A Florida resident has contracted a rare-but-deadly bacterial infection, officials with the Florida Department of Health confirmed Monday.
The resident of Escambia County caught the extremely virulent vibrio vulnificus bacterium, though officials have not said how.
Vibrio vulnificus is a found in salty, warm water and can enter the body through open wounds or from eating raw or undercooked shellfish.
Infections are rare, but often fatal, with around one quarter of those infected dying. Less common, but more deadly, are vibrio vulnificus bloodstream infections. These can be fatal about 50 percent of the time, according to the Florida Department of Health.
While healthy individuals have little to worry about, those with compromised immune systems and those with kidney or liver disease are 80 times more likely to develop a bloodstream infection.
Last year, 46 people contracted the bacteria in Florida and 10 of them died. The previous year, 45 people contracted the bacteria and 14 of them died. So far this year, 14 people have contracted the bacteria, but only one has died.
To avoid the infection, the Florida health department warns those with weak immune systems, including those with kidney or liver disease, to be careful around the water and to wear footwear to protect their feet from cuts from shells or rocks on the beach.
People with open wounds should stay out of the water and should immediately treat any scratches or cuts they get.
There is no evidence of person-to-person transmission of Vibrio vulnificus.
“Vibrio vulnificus is often mislabeled as flesh-eating bacteria, but it is very important to note that it is not flesh-eating bacteria,” said Mara Gambineri, Communications Director with Florida Department of Health. “Vibrio vulnificus is a naturally occurring bacteria in warm, salty or brackish water, so it is present year round in Florida.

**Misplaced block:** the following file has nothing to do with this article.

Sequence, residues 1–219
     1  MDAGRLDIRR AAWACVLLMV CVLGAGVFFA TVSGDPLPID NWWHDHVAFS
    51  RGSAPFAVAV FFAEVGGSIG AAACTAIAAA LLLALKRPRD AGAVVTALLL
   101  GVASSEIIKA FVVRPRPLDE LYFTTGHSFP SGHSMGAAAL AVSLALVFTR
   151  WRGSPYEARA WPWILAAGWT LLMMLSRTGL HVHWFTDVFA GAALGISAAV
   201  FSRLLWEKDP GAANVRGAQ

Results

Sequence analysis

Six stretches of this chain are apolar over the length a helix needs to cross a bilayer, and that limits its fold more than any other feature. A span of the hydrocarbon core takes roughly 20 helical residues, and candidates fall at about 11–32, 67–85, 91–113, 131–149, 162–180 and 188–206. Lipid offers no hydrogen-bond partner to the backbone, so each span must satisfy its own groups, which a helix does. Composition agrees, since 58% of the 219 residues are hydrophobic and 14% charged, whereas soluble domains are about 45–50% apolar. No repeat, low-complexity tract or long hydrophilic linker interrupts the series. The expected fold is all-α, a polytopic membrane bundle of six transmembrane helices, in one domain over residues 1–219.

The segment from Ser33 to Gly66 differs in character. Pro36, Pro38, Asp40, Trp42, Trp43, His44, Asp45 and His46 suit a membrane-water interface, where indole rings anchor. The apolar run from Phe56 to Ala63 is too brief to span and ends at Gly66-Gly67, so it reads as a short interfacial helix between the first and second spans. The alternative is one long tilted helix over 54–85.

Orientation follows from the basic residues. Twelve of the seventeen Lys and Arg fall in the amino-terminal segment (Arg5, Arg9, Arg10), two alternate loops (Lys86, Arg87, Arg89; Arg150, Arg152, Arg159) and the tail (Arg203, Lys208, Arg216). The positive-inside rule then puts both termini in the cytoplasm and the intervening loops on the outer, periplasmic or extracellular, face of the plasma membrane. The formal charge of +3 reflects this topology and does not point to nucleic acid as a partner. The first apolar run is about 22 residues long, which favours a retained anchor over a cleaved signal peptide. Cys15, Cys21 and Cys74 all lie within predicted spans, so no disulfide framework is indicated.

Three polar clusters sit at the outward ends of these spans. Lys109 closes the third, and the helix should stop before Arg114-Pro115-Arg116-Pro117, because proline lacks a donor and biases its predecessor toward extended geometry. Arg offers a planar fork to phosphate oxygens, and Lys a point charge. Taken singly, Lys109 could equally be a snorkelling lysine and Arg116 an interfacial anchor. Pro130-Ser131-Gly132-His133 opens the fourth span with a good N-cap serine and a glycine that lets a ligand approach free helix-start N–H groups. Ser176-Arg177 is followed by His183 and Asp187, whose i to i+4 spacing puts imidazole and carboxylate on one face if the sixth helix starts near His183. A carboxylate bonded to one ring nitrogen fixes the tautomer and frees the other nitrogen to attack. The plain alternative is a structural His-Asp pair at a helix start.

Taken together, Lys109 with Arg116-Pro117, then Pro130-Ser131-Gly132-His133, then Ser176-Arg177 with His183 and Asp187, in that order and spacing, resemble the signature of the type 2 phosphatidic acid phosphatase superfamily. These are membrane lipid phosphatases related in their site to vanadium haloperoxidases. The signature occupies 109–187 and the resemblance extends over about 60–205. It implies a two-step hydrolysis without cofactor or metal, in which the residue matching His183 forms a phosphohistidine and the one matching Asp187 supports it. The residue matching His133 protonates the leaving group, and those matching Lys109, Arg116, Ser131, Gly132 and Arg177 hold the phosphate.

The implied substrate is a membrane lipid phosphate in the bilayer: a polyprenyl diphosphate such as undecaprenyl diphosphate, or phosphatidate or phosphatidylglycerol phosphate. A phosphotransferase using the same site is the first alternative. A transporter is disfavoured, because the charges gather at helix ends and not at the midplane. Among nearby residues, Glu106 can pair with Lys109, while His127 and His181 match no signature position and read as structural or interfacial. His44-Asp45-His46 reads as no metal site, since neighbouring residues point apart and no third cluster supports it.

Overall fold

“Florida’s beaches and waters are safe to enjoy responsibly if you take proper precautions,” she said, adding that the bacteria poses no risk to normally healthy people without open wounds or cuts.
Good wound care is the best way to prevent a bacterial infection, she advised.
“Keep open wounds covered with clean, dry bandages until healed and don’t delay first aid of even minor, non-infected wounds like blisters, scrapes or any break in the skin.”
“Raw shellfish can also be contaminated with Vibrio vulnificus so it is important for people to thoroughly cook oysters and other shellfish to avoid getting sick.”
Eating contaminated seafood with the bacteria can lead to vomiting, diarrhea, and abdominal pain.
Wound infections due to the bacteria can cause skin breakdown and ulcers.
“For patients with wound infections, amputation of the infected limb is sometimes necessary,” warns the department.
The best advice to avoid problems is to not eat raw oysters or raw shellfish, including those that do not open during cooking.
“Boil shucked oysters at least 3 minutes, or fry them in oil at least 10 minutes at 375°F,” advises the department.
It’s also important to avoid cross contaminating cooked seafood by handling it with utensils or exposing it to juices from raw seafood.
Visit Florida Health for more information on Vibrio vulnificus.